How can women protect themselves on the internet?

Women have to protect themselves on the internet because the government and online service providers are doing a poor job of creating safety measures. Governments globally and online service providers such as Facebook (currently known as Meta) are divided on how to balance concerns over safety with the desire to encourage free and open speech. As the two bodies debate on digital safety, women keep experiencing online sexual harassment because offensive content that targets women on social media is dismissed too easily. Unfortunately, the responsibility to maintain digital safety ends up in the hands of women instead of the government and creators of these digital spaces. So, how can women protect themselves from sexual harassment and abuse on the internet?

First, women can start by making their social media profiles private, as most online sexual abuse happens on social. It is possible to make your social accounts, such as Twitter, private by changing the privacy settings. With a private social media account, you can choose who follows you, views your content, and engages with you. This privacy setting makes it easier to follow people you know, ignore known online abusers, and protect yourself from interacting with possible online abusers and harassers.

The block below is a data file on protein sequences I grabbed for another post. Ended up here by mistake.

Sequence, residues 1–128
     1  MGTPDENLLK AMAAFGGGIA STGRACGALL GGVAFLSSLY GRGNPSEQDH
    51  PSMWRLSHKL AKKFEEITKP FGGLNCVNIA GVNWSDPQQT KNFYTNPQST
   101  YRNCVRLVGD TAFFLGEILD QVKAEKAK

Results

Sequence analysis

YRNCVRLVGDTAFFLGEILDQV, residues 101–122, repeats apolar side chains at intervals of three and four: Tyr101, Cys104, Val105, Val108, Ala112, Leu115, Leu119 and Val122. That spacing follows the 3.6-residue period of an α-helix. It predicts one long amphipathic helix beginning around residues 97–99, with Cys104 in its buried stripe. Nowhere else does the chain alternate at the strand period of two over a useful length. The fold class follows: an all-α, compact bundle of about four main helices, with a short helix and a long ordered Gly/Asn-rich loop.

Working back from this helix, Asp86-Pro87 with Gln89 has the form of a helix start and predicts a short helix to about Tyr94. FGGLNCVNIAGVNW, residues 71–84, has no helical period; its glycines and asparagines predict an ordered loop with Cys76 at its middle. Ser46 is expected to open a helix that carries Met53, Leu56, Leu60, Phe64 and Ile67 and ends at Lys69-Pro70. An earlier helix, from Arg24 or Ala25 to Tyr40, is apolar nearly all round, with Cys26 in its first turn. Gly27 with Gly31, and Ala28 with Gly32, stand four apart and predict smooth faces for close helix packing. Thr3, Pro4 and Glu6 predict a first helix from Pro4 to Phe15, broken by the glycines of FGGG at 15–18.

Secondly, in case you do not want to have a private social media account either on Twitter or Facebook, you can easily report and block abusers. It is important to note that Twitter and Facebook have been under fire for not doing as much as they could to restrict reported online sexual abusers from using their platforms. So, reporting online sexual abusers may be of little help, but blocking them prevents them from engaging with you any further. However, in critical cases of revenge porn, where vindicative former partners post your intimate pictures online, you have the right and power to report them so that the social media platforms, be it Facebook, Instagram, or any other social, can take it down. Reporting and blocking is mostly the effective way of addressing online sexual abuse, including the ugly epidemic of revenge porn.